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  1. Hardware
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September 22, 2023

Signal adds quantum-resistant encryption to its protocol

The update is available in the latest release of the Signal client and will be a requirement for all chats in the future.

By Ryan Morrison

Messaging app Signal has added post-quantum cryptography to its underlying encryption protocol. The Signal Protocol is a set of specifications providing end-to-end encryption that is used in messaging apps like Signal, WhatsApp, and Google’s messages. The new updates will protect voice and text messages from attack by future quantum computers. It isn’t clear whether other applications will also be able to upgrade to the post-quantum version of the protocol.

Post-quantum cryptography protects data from attack by a future quantum computer (Photo: Postmodern Studio / Shutterstock)
Post-quantum cryptography protects data from attack by a future quantum computer. (Photo by Postmodern Studio/Shutterstock)

There is a global drive to replace current cryptographic standards and underlying encryption mechanisms with those resistant to quantum computers in the future. This is coming to the fore after recent standards were approved by the US standards body NIST. The US government has also ordered any service or application to switch to post-quantum cryptography by 2035 if it is to be used by publicly funded organisations.

British post-quantum cryptography company PQShield published an upgrade to the Signal Protocol earlier this month and provided it to the Signal Foundation for free as part of a wider mission to make secure communication accessible to everyone. The new update announced for the Signal Protocol and the messaging app upgrades the Extended Triple Diffie-Hellman specification to the Quantum Extended Diffie-Hellman. It incorporates the latest NIST standards and adds a layer of threat protection. 

Signal is taking a hybrid approach to post-quantum cryptography, combining the elliptic curve key agreement protocol with the Kyber-1024 standard. “We then combine these two shared secrets together so that any attacker must break both X25519 and CRYSTALS-Kyber to compute the same shared secret,” explained Signal’s Ehren Kret.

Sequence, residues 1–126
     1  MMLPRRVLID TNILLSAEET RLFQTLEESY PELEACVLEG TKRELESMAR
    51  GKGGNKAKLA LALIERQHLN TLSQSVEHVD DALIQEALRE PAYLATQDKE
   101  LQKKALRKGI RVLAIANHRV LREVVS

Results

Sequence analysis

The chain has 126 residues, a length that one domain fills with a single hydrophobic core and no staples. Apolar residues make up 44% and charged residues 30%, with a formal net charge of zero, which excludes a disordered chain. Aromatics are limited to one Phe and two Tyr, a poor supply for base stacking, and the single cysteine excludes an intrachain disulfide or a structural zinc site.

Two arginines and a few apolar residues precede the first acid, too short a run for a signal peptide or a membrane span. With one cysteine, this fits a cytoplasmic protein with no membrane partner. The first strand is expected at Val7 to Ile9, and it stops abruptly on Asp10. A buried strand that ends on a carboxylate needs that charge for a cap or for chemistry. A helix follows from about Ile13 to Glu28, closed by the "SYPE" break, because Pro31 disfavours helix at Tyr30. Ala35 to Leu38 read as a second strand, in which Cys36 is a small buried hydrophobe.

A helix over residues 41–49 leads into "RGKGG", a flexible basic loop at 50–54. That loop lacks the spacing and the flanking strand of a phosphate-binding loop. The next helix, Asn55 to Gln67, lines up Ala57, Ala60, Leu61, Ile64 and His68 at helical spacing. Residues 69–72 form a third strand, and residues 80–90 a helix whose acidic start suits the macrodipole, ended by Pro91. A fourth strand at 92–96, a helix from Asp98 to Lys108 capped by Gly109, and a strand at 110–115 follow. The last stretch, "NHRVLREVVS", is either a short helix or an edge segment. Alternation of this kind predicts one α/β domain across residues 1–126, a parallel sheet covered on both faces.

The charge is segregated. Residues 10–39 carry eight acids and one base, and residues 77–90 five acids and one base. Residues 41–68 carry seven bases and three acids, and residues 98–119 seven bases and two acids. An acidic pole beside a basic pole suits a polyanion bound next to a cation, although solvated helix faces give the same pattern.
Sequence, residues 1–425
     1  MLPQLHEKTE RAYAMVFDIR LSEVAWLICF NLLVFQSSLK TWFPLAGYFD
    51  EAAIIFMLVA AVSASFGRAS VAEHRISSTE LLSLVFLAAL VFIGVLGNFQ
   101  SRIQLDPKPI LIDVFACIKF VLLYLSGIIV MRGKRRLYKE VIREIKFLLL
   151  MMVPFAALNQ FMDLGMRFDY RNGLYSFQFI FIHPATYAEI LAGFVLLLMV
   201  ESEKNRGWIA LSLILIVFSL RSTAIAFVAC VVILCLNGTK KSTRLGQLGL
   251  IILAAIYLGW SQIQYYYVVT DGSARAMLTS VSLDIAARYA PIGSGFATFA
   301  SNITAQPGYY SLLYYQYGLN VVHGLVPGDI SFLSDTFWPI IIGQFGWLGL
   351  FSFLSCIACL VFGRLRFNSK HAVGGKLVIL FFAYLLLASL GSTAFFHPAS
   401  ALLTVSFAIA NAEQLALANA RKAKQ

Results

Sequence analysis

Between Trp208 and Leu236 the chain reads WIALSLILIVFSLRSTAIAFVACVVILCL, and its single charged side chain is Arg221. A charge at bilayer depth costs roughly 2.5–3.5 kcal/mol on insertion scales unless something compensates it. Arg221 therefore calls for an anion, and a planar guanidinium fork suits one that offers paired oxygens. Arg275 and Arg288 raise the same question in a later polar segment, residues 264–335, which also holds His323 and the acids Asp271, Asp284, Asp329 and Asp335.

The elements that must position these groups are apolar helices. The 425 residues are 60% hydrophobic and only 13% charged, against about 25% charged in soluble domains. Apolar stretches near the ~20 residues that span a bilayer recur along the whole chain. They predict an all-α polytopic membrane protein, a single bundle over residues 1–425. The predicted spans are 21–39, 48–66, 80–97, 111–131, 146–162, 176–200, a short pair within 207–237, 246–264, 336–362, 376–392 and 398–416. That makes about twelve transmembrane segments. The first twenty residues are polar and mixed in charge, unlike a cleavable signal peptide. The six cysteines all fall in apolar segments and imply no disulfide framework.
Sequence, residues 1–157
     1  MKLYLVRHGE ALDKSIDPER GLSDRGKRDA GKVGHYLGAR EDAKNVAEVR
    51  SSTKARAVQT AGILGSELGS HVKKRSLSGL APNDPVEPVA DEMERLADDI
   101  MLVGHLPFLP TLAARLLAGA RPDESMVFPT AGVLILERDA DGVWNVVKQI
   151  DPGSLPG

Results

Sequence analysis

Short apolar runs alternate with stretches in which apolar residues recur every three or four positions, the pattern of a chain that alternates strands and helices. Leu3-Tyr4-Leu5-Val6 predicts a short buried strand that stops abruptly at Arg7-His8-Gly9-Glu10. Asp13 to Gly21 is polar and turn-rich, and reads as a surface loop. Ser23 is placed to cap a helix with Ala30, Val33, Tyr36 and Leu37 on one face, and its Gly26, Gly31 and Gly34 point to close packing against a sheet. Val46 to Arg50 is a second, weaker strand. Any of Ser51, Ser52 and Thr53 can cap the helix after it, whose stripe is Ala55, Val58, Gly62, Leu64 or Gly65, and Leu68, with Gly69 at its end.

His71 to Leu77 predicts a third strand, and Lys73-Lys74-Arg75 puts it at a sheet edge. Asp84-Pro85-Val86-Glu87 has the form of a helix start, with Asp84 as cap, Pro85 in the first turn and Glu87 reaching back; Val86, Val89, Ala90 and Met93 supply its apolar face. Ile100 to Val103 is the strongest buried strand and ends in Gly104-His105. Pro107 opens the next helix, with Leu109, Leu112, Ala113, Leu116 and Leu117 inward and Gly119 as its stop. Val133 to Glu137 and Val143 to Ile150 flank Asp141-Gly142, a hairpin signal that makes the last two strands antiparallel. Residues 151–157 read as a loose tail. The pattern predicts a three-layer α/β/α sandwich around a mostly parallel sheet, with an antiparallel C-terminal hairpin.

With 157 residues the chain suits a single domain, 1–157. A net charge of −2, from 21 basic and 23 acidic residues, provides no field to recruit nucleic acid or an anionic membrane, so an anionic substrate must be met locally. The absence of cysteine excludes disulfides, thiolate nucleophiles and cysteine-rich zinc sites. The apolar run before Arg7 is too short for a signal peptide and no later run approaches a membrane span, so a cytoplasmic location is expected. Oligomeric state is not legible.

It is already supported as of the latest version of the Signal client and there are plans to require post-quantum for all new chats once everyone has updated to the latest client. This is because for the new encryption to work both ends of a chat have to support and understand the post-quantum key.

Combatting harvest now, decrypt later

The threat of harvest now, decrypt later attacks is also pushing companies to adopt more resilient cryptography standards. Most experts put the time a quantum computer can crack RSA and other current encryption mechanisms at about 2030. While this might seem some way off, data encrypted today could still be valuable to hackers by 2030.

Google has already introduced post-quantum encryption into Chrome’s transport layer and protocols are being adopted for protocols such as the Signal Protocol and for VPNs. The NIST standards also provide enterprises with cover for making the changeover.

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“This news demonstrates the impact that the years-long NIST standardisation project is already having to cement global post-quantum cryptography standards and signal to industry that the focus should now be on transitioning to quantum cryptography and staying one step ahead of the attackers,” said Dr Ali El Kaafarani, founder and CEO of PQShield. 

“Google Chrome and Signal have already started to make the leap, and it’s only a matter of time before other SaaS products and services throughout the global technology supply chain look to modernise their security systems as well,” El Kaafarani said.

Adding that the Signal protocol is widely considered the most secure messaging protocol available, but the threat from quantum computers makes the implementation of new post-quantum cryptography essential. 

Denis Mandich, a former US intelligence official and the CTO and co-founder of Qrypt said the Signal update was a big step in the industry to prepare for the quantum era. “However, it’s not enough to ensure durable privacy in the quantum era because it does not solve the ‘harvest now, decrypt later’ problem. That requires a transition to a new cryptographic architecture eliminating the legacy of encryption key exchange entirely.”

Read more: NIST publishes post-quantum cryptography standards

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